Research Methods and Results
Professor Sakai and other researchers at Yamagata University analyzed high-resolution images of the entire Nasca Pampa, obtained through aerial laser measurements among other methods, and conducted fieldwork in the area. Through these efforts, they constructed a hypothesis that a type of biomorphic geoglyph (the undermentioned type B) was chiefly produced along some small paths situated in the western region of the Nasca Pampa. As a result of on-site studies carried on until 2018, they newly identified 142 figures of people, animals, and other objects.
These geoglyphs depicted people and many different animals (including birds, monkeys, fish, snakes, foxes, felines, and camelids). All of these figures were created by removing the black stones that cover the land, thereby exposing the white sand beneath. They are categorized into two main types, depending on whether the geoglyphs were made by removing stones to form lines (type A) or to form solid-colored surfaces (type B). Type A geoglyphs are generally large in scale, and all of the figures that span more than 50 meters (165 feet) across belong to this type, while most type B geoglyphs are less than 50 meters (165 feet). Out of the newly identified geoglyphs, the longest stretched over 100 meters (330 feet) across and was categorized under type A, while the smallest was under 5 meters (16 feet) and belonged to type B. Type A geoglyphs date relatively later and were likely created in the Early Nasca period (ca. 100 to AD 300). On the other hand, the type B geoglyphs are thought to have been produced at least during the Initial Nasca period (ca. 100 BC to AD 100), if not earlier.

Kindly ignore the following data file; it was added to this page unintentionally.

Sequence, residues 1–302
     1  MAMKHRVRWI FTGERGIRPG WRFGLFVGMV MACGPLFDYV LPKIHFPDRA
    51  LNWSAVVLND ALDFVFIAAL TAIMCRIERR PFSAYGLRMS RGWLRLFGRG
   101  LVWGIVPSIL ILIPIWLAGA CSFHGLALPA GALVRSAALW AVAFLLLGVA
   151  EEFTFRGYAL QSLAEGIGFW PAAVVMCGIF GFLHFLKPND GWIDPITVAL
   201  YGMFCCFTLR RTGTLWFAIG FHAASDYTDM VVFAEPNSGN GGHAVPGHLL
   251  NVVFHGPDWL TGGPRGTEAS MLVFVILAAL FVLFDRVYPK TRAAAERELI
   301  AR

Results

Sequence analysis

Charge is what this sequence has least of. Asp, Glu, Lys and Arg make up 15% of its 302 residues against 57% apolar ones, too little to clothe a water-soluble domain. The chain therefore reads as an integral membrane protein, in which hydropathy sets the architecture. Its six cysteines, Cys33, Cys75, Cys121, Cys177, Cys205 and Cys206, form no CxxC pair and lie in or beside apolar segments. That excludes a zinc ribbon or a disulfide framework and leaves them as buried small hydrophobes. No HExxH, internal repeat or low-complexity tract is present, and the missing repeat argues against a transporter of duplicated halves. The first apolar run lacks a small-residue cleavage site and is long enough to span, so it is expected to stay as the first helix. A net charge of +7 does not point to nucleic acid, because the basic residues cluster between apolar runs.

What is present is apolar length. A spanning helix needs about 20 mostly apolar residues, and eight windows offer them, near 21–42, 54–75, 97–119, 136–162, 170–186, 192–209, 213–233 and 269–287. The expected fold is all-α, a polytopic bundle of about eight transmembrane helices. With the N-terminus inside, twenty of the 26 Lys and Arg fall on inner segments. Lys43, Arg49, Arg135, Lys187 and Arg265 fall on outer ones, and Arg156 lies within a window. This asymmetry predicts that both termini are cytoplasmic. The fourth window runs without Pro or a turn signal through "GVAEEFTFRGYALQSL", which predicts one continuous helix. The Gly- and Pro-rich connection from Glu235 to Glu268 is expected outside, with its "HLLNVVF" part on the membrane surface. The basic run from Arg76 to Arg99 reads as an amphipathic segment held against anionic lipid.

Fieldwork identified type A figures to be ritual places shaped like animals, where people held ceremonies involving the destruction of pottery vessels. Meanwhile, type B figures were produced beside paths or on sloping inclines and are thought to have been used as wayposts when traveling. In short, type A geoglyphs were created as locations for practicing rituals, and type B geoglyphs were designed to be looked at.
The researchers are still conducting fieldwork at several sites, including as-yet unexamined areas.
There is the possibility that some geoglyphs are located in areas outside those postulated in the initial hypothesis. However, the high-resolution 3D images add up to an immense amount of data, and it would take a vast amount of time to work in identifying geoglyphs from this big data with the human eye—such an undertaking would not be efficient.
When Yamagata University and IBM Japan performed analysis using some of the university’s data with IBM Watson Machine Learning Community Edition (formerly known as IBM PowerAI), it highlighted several possible candidates for biomorphic geoglyphs. Yamagata University selected a promising candidate from the results and conducted fieldwork at the area in 2019. This leads to the discovery of one new figure in the west of the Nasca Pampa. This figure is relatively small, spanning about 5 meters (16 feet) across, and depicts a humanoid figure standing on two feet. It is thought to have been created during the Initial Nasca period, as it is a type B geoglyph produced by removing stones to form a solid-colored shape. This newly discovered figure was also situated near a path, indicating that it was likely used as a kind of waypost.
In light of the results from this joint feasibility study and to expand on the potential of digital discovery, Yamagata University has recently entered into an academic agreement (for two years starting September 2019) to collaborate in research with the IBM Thomas J. Watson Research Center in the U.S., the home of extensive research initiatives in remote sensing and artificial intelligence.
To expand the project, Yamagata University will use IBM PAIRS to organize the data produced in fieldwork over the past 10 years, and will utilize AI to aggregate, search through and analyze these complex and massive datasets. The university will implement AI to perform preliminary surveys on the distribution of geoglyphs in addition to conducting fieldwork on-site. Based on the results given in both of these initiatives, the university will work to produce a location map of the geoglyphs. In this way, the joint research project will accelerate work in creating a location map that covers the entire Nasca Pampa.